Let's start by confessing that I am a Trekker; I'm a Classic Trek girl, and in the Kirk vs. Picard content, Kirk wins - I suspect it is always your first Captain of the Enterprise that keeps your heart. But, I've seen every episode of every show, all the movies (and the animated series). I mourned Spock's death in The Wrath of Khan; rejoiced when he returned in The Search for Spock, and cried when Kirk died in Generations. The release of a new film, with a new Kirk caused some trepidation, but I eagerly saw this film in the theatres the first weekend it opened in 2009 (I was in Hawaii for a business trip, and was hunting for a theatre from the minute I arrived). At the time, I was concerned at a new actor taking on the role of my beloved James Tiberius Kirk, but Leonard Nimoy was appearing as Spock, and I had faith he would not appear in a film that trashed the long heritage of Gene Roddenberry.
Ultimately, Chris Pine won me over. He's not the Kirk of the series - nor should he be, as this is a Kirk who's early life is much different than the character played by William Shatner. This Kirk's life was disrupted by a change in the time continuum - his life inexorably altered by the death of the father who should have been with him until adulthood. And though all of our favorite characters end up at Starfleet, their lives are all made drastically different by the intrusion of a Romulan ship from the future, which appears, wreaks havoc for a short time, then disappears for 25 years.
There is no question that it is hard to remake/redo/reboot (pick your favorite verb) a beloved series. Even when the original cast returns, can the magic in the bottle be found to again return the fans to the joy the felt with the original? The first Star Trek movie (Star Trek: The Motion Picture, 1979) was not an unqualified success, and it took several years for Star Trek: The Next Generation to find its feet. This film manages to succeed, and also to reference the iconic series that preceded it. One scene that still elicits applause from fans is Kirk's first view of the Enterprise. The scene references a similar scene in Star Trek: The Motion Picture: the ship hovers in space; it is moving and exciting, even though there is almost no movement. The ship symbolizes the missions that will follow, but also the missions that we recall from the Enterprise's "past" - the series and movies that have occurred on this iconic craft. These are, after all, the voyages of the Star Ship Enterprise, not of one particular character.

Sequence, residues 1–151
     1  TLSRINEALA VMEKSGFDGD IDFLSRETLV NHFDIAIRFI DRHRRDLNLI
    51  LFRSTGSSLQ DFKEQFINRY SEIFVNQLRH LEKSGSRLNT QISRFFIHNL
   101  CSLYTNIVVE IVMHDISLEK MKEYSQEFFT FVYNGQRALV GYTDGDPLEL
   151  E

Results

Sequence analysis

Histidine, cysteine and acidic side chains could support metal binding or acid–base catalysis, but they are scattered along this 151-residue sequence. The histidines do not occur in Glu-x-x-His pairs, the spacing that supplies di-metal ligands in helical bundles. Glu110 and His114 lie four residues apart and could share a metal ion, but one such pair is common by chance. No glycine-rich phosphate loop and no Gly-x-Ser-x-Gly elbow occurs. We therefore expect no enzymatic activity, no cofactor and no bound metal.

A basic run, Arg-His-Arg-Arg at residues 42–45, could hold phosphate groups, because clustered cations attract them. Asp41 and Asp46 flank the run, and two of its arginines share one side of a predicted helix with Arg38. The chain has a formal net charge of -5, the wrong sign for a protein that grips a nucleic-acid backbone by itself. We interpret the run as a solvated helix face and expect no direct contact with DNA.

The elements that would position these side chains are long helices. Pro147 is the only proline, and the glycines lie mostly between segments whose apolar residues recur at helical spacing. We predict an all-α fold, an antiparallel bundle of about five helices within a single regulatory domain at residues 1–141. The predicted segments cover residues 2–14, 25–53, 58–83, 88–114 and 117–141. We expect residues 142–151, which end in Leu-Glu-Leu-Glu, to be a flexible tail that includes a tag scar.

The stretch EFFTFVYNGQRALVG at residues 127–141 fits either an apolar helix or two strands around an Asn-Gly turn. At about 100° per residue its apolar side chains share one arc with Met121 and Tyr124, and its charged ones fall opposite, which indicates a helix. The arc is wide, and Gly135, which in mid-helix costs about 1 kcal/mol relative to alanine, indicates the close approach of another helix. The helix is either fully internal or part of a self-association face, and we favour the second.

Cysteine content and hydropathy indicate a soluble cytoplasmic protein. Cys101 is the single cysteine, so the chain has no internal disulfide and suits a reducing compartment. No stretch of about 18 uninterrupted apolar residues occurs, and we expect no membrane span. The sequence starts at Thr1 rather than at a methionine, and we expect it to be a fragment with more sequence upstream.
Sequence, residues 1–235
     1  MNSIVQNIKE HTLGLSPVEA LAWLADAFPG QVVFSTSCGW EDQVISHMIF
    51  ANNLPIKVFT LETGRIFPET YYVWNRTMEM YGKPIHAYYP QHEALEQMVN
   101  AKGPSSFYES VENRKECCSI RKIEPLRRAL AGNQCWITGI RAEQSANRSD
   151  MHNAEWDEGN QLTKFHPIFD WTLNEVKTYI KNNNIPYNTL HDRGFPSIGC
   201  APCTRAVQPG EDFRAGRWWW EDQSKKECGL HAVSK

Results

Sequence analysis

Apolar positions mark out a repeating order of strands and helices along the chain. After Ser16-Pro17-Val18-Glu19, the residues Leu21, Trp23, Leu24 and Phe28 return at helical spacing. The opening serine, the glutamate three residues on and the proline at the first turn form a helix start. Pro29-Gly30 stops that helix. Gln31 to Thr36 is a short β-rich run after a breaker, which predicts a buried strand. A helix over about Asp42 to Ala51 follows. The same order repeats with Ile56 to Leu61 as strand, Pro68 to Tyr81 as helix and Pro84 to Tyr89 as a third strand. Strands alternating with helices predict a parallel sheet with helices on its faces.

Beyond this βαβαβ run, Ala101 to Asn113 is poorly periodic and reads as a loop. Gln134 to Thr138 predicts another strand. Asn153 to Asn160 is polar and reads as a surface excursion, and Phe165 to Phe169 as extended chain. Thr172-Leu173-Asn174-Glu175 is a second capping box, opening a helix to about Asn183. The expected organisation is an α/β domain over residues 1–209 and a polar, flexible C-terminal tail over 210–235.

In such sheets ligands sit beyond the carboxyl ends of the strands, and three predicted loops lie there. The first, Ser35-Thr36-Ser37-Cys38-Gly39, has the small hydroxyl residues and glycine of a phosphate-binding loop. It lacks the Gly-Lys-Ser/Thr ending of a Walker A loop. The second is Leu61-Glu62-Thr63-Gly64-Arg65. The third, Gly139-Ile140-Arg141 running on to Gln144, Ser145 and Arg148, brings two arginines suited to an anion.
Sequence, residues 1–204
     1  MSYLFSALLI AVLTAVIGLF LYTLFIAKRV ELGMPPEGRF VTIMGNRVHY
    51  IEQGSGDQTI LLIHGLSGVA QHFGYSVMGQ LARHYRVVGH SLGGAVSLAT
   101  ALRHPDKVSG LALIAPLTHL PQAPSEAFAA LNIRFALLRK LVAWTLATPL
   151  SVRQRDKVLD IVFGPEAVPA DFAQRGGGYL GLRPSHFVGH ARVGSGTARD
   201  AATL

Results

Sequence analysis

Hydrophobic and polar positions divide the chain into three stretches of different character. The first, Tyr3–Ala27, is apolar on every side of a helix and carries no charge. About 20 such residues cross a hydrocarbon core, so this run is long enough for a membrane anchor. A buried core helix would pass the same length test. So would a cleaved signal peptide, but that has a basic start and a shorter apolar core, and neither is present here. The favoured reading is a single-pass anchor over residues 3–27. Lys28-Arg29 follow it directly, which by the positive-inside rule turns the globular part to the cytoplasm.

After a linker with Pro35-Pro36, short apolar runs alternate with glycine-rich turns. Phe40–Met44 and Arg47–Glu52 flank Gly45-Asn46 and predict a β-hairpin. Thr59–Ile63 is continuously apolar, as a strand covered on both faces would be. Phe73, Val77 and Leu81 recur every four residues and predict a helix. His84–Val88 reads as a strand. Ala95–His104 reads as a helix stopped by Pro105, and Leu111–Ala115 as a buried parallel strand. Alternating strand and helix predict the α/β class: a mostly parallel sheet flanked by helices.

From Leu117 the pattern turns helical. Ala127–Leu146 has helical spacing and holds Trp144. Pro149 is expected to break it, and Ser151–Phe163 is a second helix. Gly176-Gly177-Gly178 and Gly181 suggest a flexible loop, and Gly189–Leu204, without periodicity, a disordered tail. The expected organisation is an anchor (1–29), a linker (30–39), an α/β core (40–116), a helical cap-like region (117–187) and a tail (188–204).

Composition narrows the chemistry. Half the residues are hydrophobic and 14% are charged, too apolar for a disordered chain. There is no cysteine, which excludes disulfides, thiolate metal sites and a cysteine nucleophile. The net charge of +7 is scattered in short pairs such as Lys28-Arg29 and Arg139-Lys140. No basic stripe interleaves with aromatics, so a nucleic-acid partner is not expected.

I'm particularly fond of Karl Urban as Dr. Leonard "Bones" McCoy. This film provides us with some backstory regarding their meeting, and retains some of the history that we learned in the original television show - that McCoy was somewhat older than the rest of the recruits, that he's not really taken with space travel, but has just gone through a messy divorce, and Star Fleet seems like his only alternative. DeForest Kelley, the original Bones, gave us a curmudgeon that Urban gleefully honors in his portrayal - it is an homage to Kelley; at the same time Urban provides his vision of the character. It was also a pleasure to me that Majel Barrett's voice was again used for the computer - Ms. Barrett has supplied a voice or appeared in nearly every Star Trek iteration, until her death in 2008.
Also, the film finally provides Uhura (Zoe Saldana) with a given name. Fans chose the name Nyota many years ago (similarly, Sulu was called Hikaru - a name that was adopted officially in Star Trek VI: The Undiscovered Country, when Captain Sulu announces himself). The film also bring back to us the much beloved character of Spock, both as his young self (Zachary Quinto) and as the older Ambassador Spock (Leonard Nimoy). Both are excellent, playing a role that is essentially the same person, but are individuals whose lives have created two distinct personalities. Around the time the film came out, the two actors did an advertisement for a car that is absolutely hysterical, and can be found on YouTube.
I started this post with a mention of the event which brought us to this particular screening. I'm going to close with this video production of the score of the film. There is nothing to compare with seeing a film on a big screen, except having a live orchestra playing the music as the film rolls by. And the majesty of space travel is well served in this filming of Gene Roddenberry's vision of the future.